Looking at translucent animals is totally fascinating and it is almost hard to believe that these animals exist. But they do, from the glass-winged butterfly’s with his see-through wings, to a little frog with a translucent belly. In most cases, the animals use this feature to camouflage themselves. These are the most common translucent animals we could find.
1. Glass-winged butterfly
Origin: Central America
Food: Lantana flower
Size: Wingspan between 5.6 and 6.1cm
The most part of this butterfly’s wings are transparent. If you stand close, the wings almost look like little mirrors as it reflects the light. But, don’t allow the beauty of this delicate-looking butterfly to fool you. Not only is he strong – he can pick up objects that are 40 times his own weight – he is also fast and can fly almost 13km/h for a short distance.
2. Golden tortoise beetle
Origin: North America
Food: Morning glory plant leaves
Only a small part of the golden tortoise beetle’s body is translucent, but what makes him even more special is that he can change colour depending on his mood and phase of his development. He even changes colour when touched by a human. These colours range from red-brown to gold.
3. Glass frog
Origin: Southern Mexico, Central and South America
Food: Soft insects and spiders
You can see through the belly of the glass frog, but the upper part of this little frog is a solid bright or olive green with spots. You can see this frog’s intestines and liver, and you can even see his heart beating. They live in rainforests and there are 60 different types of glass frogs.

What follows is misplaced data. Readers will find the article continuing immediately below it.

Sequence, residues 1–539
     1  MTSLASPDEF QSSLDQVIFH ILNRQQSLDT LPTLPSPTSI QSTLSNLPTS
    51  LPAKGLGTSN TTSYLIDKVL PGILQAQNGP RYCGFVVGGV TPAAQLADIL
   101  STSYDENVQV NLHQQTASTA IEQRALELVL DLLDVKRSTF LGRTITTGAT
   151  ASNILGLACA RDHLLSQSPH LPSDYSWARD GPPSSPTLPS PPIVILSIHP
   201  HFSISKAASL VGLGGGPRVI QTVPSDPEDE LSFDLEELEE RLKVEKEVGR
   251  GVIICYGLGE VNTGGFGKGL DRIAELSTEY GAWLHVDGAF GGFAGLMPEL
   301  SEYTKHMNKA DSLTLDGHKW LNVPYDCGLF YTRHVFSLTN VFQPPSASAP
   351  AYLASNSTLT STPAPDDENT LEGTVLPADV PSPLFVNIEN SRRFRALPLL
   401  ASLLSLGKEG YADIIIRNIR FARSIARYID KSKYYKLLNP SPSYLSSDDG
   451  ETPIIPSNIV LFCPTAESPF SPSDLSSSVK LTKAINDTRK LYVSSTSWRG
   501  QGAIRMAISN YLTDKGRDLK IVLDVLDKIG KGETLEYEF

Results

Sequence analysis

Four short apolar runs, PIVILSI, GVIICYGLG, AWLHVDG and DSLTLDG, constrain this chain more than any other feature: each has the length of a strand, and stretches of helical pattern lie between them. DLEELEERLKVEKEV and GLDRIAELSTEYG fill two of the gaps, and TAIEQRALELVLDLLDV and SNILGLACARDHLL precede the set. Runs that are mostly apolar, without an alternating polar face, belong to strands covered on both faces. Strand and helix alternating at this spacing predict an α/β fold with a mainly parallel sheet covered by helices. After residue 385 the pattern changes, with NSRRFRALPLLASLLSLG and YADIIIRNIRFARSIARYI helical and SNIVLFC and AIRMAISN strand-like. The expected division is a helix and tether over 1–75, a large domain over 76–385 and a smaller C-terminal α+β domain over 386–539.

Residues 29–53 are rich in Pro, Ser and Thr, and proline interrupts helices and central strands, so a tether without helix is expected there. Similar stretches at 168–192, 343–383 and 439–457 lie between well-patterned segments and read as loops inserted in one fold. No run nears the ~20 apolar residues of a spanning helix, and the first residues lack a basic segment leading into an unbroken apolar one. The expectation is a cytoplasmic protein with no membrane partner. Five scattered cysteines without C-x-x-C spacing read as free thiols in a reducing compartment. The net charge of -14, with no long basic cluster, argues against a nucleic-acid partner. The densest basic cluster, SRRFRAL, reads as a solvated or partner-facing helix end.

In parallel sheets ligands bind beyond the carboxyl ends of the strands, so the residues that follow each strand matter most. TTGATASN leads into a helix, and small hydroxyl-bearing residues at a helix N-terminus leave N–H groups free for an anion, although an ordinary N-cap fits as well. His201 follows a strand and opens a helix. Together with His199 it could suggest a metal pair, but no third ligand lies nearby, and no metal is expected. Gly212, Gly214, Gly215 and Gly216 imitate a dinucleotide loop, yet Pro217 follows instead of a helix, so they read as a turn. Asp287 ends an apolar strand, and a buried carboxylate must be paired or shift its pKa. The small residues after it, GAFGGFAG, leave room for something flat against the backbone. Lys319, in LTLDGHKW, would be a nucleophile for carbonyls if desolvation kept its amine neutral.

4. Ghost shrimp
Origin: North America
Food: Any small piece of food including algae
Most part of the ghost shrimp’s body is translucent and you can even see the eggs in the mother, and the food in his intestines. He has 10 pairs of legs and they live for about one year in either fresh or brackish water.
5. Red-lined bubble snail
Origin: Indian Ocean, from Australia and New Zealand to Japan
The red-lined bubble snail has red-brown lines on his whitish shell and blue lines on his edges. He has two small black eyes on the top of his head and he can be found in the ocean, up to 45m deep.
6. Sea salp
Origin: Near Antarctica
Sea salp can be seen on the surface of the ocean, or in huge swarms in deep water. These are intriguing barrel-shaped creatures who move by pumping water through their translucent bodies. This action allows the salp to filter food from the water.
7. Sea moon jellyfish
Origin: Oceans around the world
Food: Plankton, shrimp, fish eggs
This translucent animal’s body consists of 95% water. This jellyfish prefers water that ranges between 9°C and 19°C, but can be found in temperatures as low as 6°C and as high as 31°C. They normally don’t live longer than six months in the wild and are preyed upon by sea birds, fish and turtles.
8. Sea walnut
Origin: East coast of North and South America
The sea walnut’s body is shaped like a walnut and he moves very slowly through the water. When the sea walnut is disturbed, the four rows of combs glow a green-blue colour against his translucent body. The sea walnut has become an invasive species in various parts of the world, including the Mediterranean basin.
9. Sea butterfly
Origin: Northern Atlantic and Pacific oceans
The sea butterfly most probably got his name from the way he ‘flies’ through the water. This animal is extremely small, but uses a mucous web of up to 5cm to entangle his food. He lives in the top 25cm of the ocean during night time, and then dive as deep as 100m under water during the day.
10. Translucent tunicate
Origin: All over the world
There are many varieties of tunicate in oceans all over the world, and they come in all shapes and sizes, with some of them being translucent. Some tunicates are solitary animals and others live in colonies on rocks, shells or even a ship’s hull.